Interior Minister Arye Dery recently demanded the abolishment of the ban on gender segregation at public events (Haaretz, October 20). This contradicts the decision of the Justice Ministry, which was adopted as a cabinet resolution. Dery claimed that such a ban is an abuse of the ultra-Orthodox (or ultra-Orthodox) minority in Israel. This clearly disregards the fact that this same minority is trying to impose behavior on the majority that is acceptable only to them.
The question arising from this – another part of the exclusion of women – is: What is it about men and women in close proximity that drives the ultra-Orthodox so crazy? What are they afraid of? After all, is it not written in the first chapter of Genesis: “Male and female created He them,” without discrimination.
Knowledgeable, active and admirable female figures regularly appear in the Bible: The four matriarchs; Miriam; the prophetess Deborah, who was also a military leader; Jael, the wife of Heber the Kenite; Ruth; and many more.
And in the talmudic era, Bruriah, the wife of Rabbi Meir, was noted for her learning and put even sages of the Mishna to shame.
My late grandfather had a long, thick beard and was careful to observe all the commandments – the minor ones as well as the more serious ones. That my grandmother and grandfather sat together at cultural events and in wedding halls goes without saying.
In the ultra-Orthodox community today, not only do men and women not sit together at celebrations, there are even separate entrances to the places where the events are held.
The trend of separation and exclusion is growing: The battle against coed military service; the prohibition on men being able to hear women sing; separate seating areas on buses, and even separate sidewalks in ultra-Orthodox neighborhoods.
The apex of absurdity came when women were excluded from a conference on issues related to women’s fertility.
This trend, which until recently was the province only of extremist Ashkenazi ultra-Orthodox, has intensified and now also been adopted by the spiritual and political leaders of the Sephardi community.
What is so regrettable is that this community, which has always excelled in its openness, moderation and pleasantness in matters of faith and observance, now denigrates itself in the face of the Ashkenazi hegemony.
The exclusion of women is a clear sign of the complete failure of the ultra-Orthodox educational system. This society is based on iron discipline, aimed at obedience to halakhic rulings. The ultra-Orthodox Jew is commanded from his first words when he opens his eyes in the morning, “Modeh ani” (“I give thanks”). Then, upon rising from his bed, he is instructed to step first on his right leg. Every piece of food to be eaten requires a prior blessing. The meticulous attire, which is a form of uniform, is also a sign of discipline. And yeshiva students’ entire days are supposed to be devoted to prayer and study.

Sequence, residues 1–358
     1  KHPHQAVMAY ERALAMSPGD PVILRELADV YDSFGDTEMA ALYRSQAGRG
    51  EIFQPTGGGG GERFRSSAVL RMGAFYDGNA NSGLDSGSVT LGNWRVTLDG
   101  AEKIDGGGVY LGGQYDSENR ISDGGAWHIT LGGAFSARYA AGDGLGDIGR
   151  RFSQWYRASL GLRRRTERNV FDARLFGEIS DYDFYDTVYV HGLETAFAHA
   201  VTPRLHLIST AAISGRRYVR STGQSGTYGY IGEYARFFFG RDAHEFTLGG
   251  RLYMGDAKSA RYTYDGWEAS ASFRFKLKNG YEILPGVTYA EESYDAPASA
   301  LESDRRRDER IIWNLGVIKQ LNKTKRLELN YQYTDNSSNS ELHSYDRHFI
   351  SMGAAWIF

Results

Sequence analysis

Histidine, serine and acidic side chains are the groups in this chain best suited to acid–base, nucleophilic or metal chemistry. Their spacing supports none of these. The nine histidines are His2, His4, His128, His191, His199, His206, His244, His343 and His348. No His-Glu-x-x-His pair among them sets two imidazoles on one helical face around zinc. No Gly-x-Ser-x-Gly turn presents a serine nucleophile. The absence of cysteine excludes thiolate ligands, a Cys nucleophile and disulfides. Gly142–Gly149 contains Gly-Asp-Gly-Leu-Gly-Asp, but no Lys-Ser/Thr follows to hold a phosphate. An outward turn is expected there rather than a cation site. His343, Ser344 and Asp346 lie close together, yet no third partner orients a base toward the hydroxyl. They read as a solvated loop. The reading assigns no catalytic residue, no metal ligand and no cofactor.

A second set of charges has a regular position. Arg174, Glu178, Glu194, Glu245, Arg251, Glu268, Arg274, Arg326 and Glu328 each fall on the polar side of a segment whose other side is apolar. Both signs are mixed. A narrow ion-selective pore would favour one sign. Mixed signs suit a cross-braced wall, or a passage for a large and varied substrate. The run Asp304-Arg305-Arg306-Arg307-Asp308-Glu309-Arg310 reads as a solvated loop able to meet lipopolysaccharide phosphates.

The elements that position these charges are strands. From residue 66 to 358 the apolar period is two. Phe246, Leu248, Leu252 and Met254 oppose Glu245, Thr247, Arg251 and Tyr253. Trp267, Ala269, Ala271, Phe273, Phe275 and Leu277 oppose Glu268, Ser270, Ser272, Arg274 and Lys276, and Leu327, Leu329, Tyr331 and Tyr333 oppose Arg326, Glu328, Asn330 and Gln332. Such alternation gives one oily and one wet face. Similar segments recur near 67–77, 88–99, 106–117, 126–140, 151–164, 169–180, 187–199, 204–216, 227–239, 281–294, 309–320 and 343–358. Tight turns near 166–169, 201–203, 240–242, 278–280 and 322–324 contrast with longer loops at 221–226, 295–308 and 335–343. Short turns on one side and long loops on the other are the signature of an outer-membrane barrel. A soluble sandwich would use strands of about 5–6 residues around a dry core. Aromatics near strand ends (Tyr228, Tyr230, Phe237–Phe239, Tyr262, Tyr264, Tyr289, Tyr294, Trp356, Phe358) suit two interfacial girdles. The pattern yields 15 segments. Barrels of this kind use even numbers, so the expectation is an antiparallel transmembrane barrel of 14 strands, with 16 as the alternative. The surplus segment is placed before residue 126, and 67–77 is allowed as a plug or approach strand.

And yet there is this fear they will not be able to withstand the temptation of being near women, and therefore they must remove even the smallest doubt – lest the evil urge cause them to commit a sin.
Surely it could be expected that their education and the closed lifestyle in which they grew up would grant them greater immunity than those educated in secular education and society, and would not create even a flicker of fear of deviation from the norms that bind them. What a colossal failure!
On other matters, such as Shabbat observance and kashrut rules, there appears to be no significant difficulty in resisting the temptation to sin.
If this is so, why are they willing to move heaven and earth to confront the general public on the matter of gender separation? It seems to me that the cause is something deeper, something the ultra-Orthodox will never admit: There is reason to be afraid.
In Bnei Brak, Beit Shemesh and Beitar Ilit, ultra-Orthodox women are the breadwinners. The yeshiva students spend their days deep in talmudic issues – which require an impressive intellectual effort, but whose connection to real life is very tenuous. They feel compelled to reiterate and emphasize that they are at the center of existence, and to do this they must highlight the inferiority of women and exclude them.
What is particularly unfortunate is the obvious parallel to what is taking place with the growing extremism of traditional Islamic societies and the Third World.
As a result, even the more moderate elements in ultra-Orthodox society have not come out in defense and are not demanding imposition of the rule: “[He] who humiliates his friend in public has no share in the World to Come” (Pirkei Avot, Chapter 3:11). Perhaps they have also found a vague explanation for this, such as it’s talking about a male friend, not a female one.
Prof. Rafi Walden is a surgeon and human rights activist.
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